Capulet: What should it be that is so shrieked abroad?

Capulet's Wife: O, the people in the street cry "Romeo,"
Some "Juliet," and some "Paris," and all run
With open outcry toward our monument.

The watchman informs the Prince that Paris, Romeo, and Juliet all lie inside, "warm, and new killed." Capulet gets a glimpse of his daughter, and expresses horror--although not without some irony:

O heavens! O wife, look how our daughter bleeds!
This dagger hath mista'en, for lo, his house
Is empty on the back of Montague
And it mis-sheathed in my daughter's bosom.

Since Capulet was himself responsible for some metaphoric "mis-sheathing"--i.e. the forced marriage between Juliet and Paris--we have to see this choice of words as a bit of black comedy. Even here, the play still maintains some generic ambivalence. Lady Montague, we learn, has died of grief--because of her son's exile, not his death. This makes sense when we remember how important social standing is to the two families--an exiled son might as well be a dead one.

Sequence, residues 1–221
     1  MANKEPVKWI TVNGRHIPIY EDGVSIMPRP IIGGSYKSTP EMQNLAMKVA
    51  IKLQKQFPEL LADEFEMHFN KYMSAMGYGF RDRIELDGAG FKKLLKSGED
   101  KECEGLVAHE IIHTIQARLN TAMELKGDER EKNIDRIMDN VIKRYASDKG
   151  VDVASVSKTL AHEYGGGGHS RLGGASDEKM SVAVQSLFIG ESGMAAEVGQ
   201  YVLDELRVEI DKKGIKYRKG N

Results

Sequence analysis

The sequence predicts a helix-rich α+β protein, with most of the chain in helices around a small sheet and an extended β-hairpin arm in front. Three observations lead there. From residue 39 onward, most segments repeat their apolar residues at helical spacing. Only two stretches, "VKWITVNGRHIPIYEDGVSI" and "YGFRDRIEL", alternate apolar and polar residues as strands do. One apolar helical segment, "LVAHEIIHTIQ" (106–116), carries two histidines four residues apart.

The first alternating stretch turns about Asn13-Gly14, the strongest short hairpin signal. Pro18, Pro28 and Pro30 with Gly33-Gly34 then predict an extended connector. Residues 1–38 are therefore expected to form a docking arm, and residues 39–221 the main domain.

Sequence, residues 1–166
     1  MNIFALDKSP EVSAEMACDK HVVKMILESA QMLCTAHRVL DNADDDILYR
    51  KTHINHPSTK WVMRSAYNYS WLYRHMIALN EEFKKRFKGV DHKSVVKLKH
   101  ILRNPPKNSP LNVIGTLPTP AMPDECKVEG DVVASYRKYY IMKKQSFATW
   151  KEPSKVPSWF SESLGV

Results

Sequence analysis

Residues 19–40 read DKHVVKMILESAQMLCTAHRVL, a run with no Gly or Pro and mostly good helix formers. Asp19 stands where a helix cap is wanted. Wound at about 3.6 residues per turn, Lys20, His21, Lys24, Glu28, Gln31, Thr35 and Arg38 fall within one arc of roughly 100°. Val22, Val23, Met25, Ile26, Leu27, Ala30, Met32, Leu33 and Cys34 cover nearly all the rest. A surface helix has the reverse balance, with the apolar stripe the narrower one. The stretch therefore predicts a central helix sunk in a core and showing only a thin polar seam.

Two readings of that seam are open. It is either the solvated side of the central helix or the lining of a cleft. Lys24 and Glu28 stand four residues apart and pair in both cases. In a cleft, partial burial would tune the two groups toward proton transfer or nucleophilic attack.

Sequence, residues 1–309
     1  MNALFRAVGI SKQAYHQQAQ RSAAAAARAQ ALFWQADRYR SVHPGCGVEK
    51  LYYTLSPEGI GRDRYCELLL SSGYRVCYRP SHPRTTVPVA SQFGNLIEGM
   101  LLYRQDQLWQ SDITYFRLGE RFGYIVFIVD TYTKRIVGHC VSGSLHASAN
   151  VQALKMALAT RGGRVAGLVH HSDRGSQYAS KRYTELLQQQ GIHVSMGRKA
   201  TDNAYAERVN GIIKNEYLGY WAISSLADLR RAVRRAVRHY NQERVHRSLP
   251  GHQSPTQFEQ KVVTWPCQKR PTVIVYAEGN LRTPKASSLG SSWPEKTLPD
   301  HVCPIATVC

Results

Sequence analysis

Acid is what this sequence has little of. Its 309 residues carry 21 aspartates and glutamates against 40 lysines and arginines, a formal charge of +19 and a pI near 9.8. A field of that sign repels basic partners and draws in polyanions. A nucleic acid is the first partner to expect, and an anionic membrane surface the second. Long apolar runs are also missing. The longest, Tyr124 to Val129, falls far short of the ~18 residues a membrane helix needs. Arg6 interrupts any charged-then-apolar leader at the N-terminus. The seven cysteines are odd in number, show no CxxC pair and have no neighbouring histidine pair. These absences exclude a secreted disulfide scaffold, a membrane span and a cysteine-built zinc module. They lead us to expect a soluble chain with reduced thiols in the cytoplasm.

The Prince vows to get to the bottom of it all, and calls upon Friar Laurence, who's been found "with to open these dead men's tombs."  Laurence is forced to tell the tale

both to impeach and purge
Myself condemned, and myself excused.

In other words, to take responsibility for those things he did, and clear himself of those for which he bears no guilt. We then get a 40-line narrative of the events from Act 3 on, which, as I said, somewhat ruins the drama of the play's final moments. Will's audience was used to this kind of choric summary, however, so probably it wasn't that jarring to them. I also imagine Laurence's speech isn't as awkward onstage as it is on the page, or would be in a film. Someday, when I finally get to see some big-city theater, I'll find out.